CAAF granted review and ordered briefs in three cases yesterday.
First is an Air Force case:
No. 14-0166/AF. U.S. v. Brittany N. OLSON. CCA S32034. Review granted on the following issue:
WHETHER THE MILITARY JUDGE ERRED BY DENYING THE DEFENSE’S MOTION TO SUPPRESS THE EVIDENCE SEIZED FROM APPELLANT’S HOUSE BECAUSE THE TOTALITY OF THE CIRCUMSTANCES INDICATED THAT APPELLANT’S CONSENT TO SEARCH WAS INVOLUNTARY.
The Air Force CCA’s opinion is available here. The CCA considered the granted issue and determined that Appellant voluntarily consented to the search.
Next is an Army case:
No. 14-0495/AR. U.S. v. Matthew R. ADAMS, Jr. CCA 20110503. Review granted on the following issue:
WHETHER THE ARMY COURT OF CRIMINAL APPEALS ERRED IN FINDING THAT THE MILITARY JUDGE DID NOT ABUSE HIS DISCRETION IN ADMITTING THE PORTION OF APPELLANT’S SWORN STATEMENT REGARDING THE [THEFT] OF COCAINE BECAUSE THE GOVERNMENT FAILED TO CORROBORATE, IN ACCORDANCE WITH MILITARY RULE OF EVIDENCE 304(g), THE ESSENTIAL FACT THAT APPELLANT TOOK COCAINE.
The Army CCA’s opinion is available here. The CCA considered the granted issue and rejected it, reasoning that “the issue is not whether the government failed to corroborate whether appellant ‘took cocaine,’ but rather whether the corroborating evidence justifies the inference as to the truth of the essential facts of the confession.” United States v. Adams, No. 20110503, slip op. at 3 (A. Ct. Crim. App. Jan. 29, 2013). The court concluded that “it is reasonable to infer the truth of the essential facts in appellant’s confession to stealing cocaine. This inference is drawn from the following facts: the victim of the cocaine theft shared a similar, yet uncommon, name to a known drug dealer in the local Fort Drum area; a weapon matching the description of the one appellant stated he used in the theft was found in his residence four days after the incident; and the named locations of the meeting place and the theft were in the local area and in close proximity to one another.” Slip op. at 5.
Last is a Marine Corps case:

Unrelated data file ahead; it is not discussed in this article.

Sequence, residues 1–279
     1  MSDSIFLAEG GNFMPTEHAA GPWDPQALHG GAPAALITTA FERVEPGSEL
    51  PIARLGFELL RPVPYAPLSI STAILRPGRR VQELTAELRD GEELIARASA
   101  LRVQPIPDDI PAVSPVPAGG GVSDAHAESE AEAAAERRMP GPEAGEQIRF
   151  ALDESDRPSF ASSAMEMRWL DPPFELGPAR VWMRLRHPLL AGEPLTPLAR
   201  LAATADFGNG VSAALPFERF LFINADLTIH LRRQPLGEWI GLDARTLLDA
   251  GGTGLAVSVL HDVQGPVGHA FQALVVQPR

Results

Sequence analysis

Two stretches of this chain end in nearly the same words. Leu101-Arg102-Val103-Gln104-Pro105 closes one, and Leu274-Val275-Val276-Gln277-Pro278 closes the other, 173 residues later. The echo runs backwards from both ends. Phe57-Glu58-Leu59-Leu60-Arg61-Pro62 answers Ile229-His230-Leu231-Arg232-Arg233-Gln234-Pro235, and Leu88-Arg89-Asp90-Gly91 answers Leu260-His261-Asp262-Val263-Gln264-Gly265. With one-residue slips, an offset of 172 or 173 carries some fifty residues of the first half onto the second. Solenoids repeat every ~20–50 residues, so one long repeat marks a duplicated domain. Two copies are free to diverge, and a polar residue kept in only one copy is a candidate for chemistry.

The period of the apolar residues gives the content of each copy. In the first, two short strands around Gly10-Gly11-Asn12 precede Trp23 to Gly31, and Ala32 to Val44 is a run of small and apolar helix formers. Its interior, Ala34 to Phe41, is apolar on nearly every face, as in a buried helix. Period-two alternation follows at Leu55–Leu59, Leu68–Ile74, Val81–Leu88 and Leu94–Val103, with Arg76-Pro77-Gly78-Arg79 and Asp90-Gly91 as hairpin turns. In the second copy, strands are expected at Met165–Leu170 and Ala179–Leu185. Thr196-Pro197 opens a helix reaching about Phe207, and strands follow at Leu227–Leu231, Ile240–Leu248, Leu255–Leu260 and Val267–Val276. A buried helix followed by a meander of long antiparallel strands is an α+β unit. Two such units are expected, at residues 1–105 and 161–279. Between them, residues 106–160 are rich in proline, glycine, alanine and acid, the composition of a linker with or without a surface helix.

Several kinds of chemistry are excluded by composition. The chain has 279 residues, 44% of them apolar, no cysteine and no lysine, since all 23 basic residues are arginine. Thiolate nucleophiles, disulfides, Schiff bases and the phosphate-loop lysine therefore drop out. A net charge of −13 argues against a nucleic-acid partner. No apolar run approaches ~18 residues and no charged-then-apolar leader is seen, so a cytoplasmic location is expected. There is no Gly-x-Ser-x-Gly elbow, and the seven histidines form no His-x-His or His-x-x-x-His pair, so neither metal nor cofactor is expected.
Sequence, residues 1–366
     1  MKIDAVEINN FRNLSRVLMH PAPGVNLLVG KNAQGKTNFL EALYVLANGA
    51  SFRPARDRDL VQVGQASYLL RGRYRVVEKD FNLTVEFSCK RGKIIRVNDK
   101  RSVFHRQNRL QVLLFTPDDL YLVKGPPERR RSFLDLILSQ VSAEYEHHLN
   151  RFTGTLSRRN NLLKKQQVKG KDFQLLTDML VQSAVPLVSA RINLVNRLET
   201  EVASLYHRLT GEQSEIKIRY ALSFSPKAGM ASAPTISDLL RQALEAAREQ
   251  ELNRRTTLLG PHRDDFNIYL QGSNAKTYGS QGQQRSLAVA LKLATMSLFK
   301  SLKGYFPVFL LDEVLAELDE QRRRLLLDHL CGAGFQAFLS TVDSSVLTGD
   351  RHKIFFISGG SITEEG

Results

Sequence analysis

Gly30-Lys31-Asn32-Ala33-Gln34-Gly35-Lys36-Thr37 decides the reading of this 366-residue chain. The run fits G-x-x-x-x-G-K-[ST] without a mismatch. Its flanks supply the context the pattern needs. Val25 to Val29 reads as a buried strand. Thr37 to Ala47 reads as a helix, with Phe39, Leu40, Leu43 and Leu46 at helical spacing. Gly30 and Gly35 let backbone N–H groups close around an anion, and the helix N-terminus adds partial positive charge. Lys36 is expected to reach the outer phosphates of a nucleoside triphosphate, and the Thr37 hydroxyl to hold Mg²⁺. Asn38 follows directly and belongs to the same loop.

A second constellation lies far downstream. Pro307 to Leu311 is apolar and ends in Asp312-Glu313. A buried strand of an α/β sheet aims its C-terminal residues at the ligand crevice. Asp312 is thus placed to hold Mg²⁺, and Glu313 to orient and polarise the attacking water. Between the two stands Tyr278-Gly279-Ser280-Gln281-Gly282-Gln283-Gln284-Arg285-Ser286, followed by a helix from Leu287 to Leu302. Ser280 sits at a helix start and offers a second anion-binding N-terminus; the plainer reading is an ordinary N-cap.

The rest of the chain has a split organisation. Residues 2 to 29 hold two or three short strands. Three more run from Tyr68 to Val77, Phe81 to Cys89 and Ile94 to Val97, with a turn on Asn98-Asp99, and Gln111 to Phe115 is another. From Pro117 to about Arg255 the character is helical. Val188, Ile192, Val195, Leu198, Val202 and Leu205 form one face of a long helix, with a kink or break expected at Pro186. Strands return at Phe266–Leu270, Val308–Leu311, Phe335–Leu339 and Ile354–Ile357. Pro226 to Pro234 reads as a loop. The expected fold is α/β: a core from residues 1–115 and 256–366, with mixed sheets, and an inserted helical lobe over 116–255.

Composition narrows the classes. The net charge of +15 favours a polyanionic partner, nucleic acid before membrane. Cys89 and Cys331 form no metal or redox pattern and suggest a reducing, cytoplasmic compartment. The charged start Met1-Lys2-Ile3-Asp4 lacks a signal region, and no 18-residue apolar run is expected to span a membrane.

No. 14-0524/MC. U.S. v. Troy B. NORMAN. CCA 201300152. Review granted on the following issue:
WHETHER THE CONVICTION FOR CHILD ENDANGERMENT BY CULPABLE NEGLIGENCE IS LEGALLY INSUFFICIENT WHEN THE ONLY TESTIMONY OFFERED TO PROVE ITS SERVICE DISCREDITING NATURE WAS ADMITTED IN ERROR.
The NMCCA’s opinion is available here. Appellant was convicted of a single specification of endangering a child in violation of Article 134 charged as service discrediting conduct. Over Defense objection, a noncommissioned officer testified that “anybody who would do that would bring discredit upon themselves, but especially a Marine, because of the high opinion that we are . . . held to by the public.” United States v. Norman, No. 201300152, slip op. at 4 (N-M. Ct. Crim. App. Feb. 20, 2014) (quoting Record at 712) (omission in original). The CCA assumed error in the admission of this testimony but found it harmless, reasoning that “the members did not need the SNCO’s generic testimony to establish the terminal element; in fact, they required no testimony at all regarding this element.” Id.
Notably absent is a grant in a Navy case (Coast Guard cases are rare enough that the absence isn’t notable at this time). As I noted in Part I of my 2013 End o’ Term Stats, CAAF didn’t hear oral argument or issue an authored opinion in a single Navy case last term (and it issued summary dispositions in just three Navy cases). Moreover, there are no Navy cases on CAAF’s master docket (last term ended with 28 cases on the master docket and the three new grants takes the total to 31 – the breakdown is: 17 Air Force, 11 Army, 3 Marine Corps).
The last authored CAAF opinion in a Navy case was Chief Judge Baker’s unanimous opinion in United States v. Brown, 72 M.J. 359 (C.A.A.F. Jul. 15, 2013) (CAAFlog case page). That case was also the last time CAAF heard oral argument in a Navy case – on May 14, 2013.